"The animal itself is about the size of an ordinary Collie, but a good deal deeper chested. As already mentioned, it is thicker in the skin; it is also flatter in the forehead. Altogether, the head would be somewhat repulsive looking, if it were not relieved by the beautiful dark brown eyes. Its greatest peculiarity in form is in the tail, which is simply a stump, generally from six to nine inches in length. That the animal is of Scotch origin, owing to its resemblance to other Scotch animals, is apparent, if we compare it with the Scotch Terrier, which it resembles very much in colour a dark grey. At all events, the black-and-tan Collie, now common throughout Scotland, would be much more at home in the southern part of the island than in the north. It cannot endure the same amount of cold. In winter it has a great inclination to get near the fire, and is generally shivering, whereas the rough-coated Collie seldom draws to the fire, but seems to be at home among the drift and snow. It is finely adapted for hill climbing, owing to the strength of its limbs and the depth of its chest. Shepherds have an idea, which, on the whole, is not a bad one, that it was intended by nature to be specially a sheep-dog, owing to its short tail, which does not let it turn so swiftly as it would otherwise do, if gifted with the long tail of its brother Collie. To understand this it is necessary to know that when shepherds send a dog to hunt sheep they desire it to take a wide circle round, not to dash in amongst them. The black-and-tan Collie must be trained to do this, but the rough-coated one must make a wide sweep, owing to the stump. Perhaps better proofs exist of its being specially a sheep-dog, when we consider its aptitude for driving. Shepherds state that they can safely trust 200 or 300 sheep to the sagacity of this valuable dog, which does not hurry or push, but drives them as coolly and as cautiously as if its master were present. Another proof is that it will not follow game. The black-and-tan Collie, if it sees a hare, will dart away after it at its utmost speed. Most dogs will do so ; but it is different with the rough-coated Collie. If a hare start up amongst its feet, it will simply look after it with a scared-like look, and then move on its way again."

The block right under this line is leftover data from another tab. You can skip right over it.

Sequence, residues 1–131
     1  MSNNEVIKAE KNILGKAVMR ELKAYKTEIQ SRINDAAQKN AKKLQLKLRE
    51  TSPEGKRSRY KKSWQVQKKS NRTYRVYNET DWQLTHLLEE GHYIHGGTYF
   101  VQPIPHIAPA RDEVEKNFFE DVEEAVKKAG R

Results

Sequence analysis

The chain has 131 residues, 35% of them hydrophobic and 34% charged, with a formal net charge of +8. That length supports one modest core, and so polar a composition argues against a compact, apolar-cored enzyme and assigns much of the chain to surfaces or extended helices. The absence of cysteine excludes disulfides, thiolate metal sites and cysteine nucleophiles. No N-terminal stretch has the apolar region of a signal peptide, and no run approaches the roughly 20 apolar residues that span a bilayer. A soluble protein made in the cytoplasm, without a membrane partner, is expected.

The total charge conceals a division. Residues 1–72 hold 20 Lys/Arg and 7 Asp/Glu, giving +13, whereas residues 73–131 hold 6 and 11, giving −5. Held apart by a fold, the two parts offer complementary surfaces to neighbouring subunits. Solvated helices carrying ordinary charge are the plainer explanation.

"It will be obvious that Mr. Phillips in the above remarks used the word "rough-coated" in a sense different to that in which it is usually applied to the Rough-Coated Collie. We reproduce the engraving of a 'rough-coated,' bob-tailed 'Collie,' as described by him, and without pledging ourselves to any particular details of his statement, can testify to having seen dogs precisely resembling that here portrayed. The strong resemblance in many points of the English bob-tailed dog is too striking to be accidental, and it is hardly likely that there were two original types; but whether the northern or southern type was that original cannot now be decided. Perhaps, seeing the north country undoubtedly produced or perfected the other and better-known type of Sheep-dog, while Mr. Lloyd Price also traces the animal to the Lake district, the probability may be rather in favour of a general northern origin, whatever the precise locality may be."